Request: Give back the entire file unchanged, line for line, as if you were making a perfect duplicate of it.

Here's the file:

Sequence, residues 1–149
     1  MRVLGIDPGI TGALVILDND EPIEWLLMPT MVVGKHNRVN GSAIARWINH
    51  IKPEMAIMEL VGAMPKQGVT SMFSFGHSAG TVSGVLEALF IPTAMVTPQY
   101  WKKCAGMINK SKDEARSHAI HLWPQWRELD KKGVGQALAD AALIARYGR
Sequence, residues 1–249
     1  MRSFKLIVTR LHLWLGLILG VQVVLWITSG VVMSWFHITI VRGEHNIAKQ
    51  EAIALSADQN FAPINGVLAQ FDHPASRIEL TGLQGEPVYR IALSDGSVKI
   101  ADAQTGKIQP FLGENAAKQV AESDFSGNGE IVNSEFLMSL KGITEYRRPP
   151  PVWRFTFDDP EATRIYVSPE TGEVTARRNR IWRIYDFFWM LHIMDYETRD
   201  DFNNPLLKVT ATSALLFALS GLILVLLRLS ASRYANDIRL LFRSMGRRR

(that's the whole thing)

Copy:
Sequence, residues 1–149
     1  MRVLGIDPGI TGALVILDND EPIEWLLMPT MVVGKHNRVN GSAIARWINH
    51  IKPEMAIMEL VGAMPKQGVT SMFSFGHSAG TVSGVLEALF IPTAMVTPQY
   101  WKKCAGMINK SKDEARSHAI HLWPQWRELD KKGVGQALAD AALIARYGR
Sequence, residues 1–249
     1  MRSFKLIVTR LHLWLGLILG VQVVLWITSG VVMSWFHITI VRGEHNIAKQ
    51  EAIALSADQN FAPINGVLAQ FDHPASRIEL TGLQGEPVYR IALSDGSVKI
   101  ADAQTGKIQP FLGENAAKQV AESDFSGNGE IVNSEFLMSL KGITEYRRPP
   151  PVWRFTFDDP EATRIYVSPE TGEVTARRNR IWRIYDFFWM LHIMDYETRD
   201  DFNNPLLKVT ATSALLFALS GLILVLLRLS ASRYANDIRL LFRSMGRRR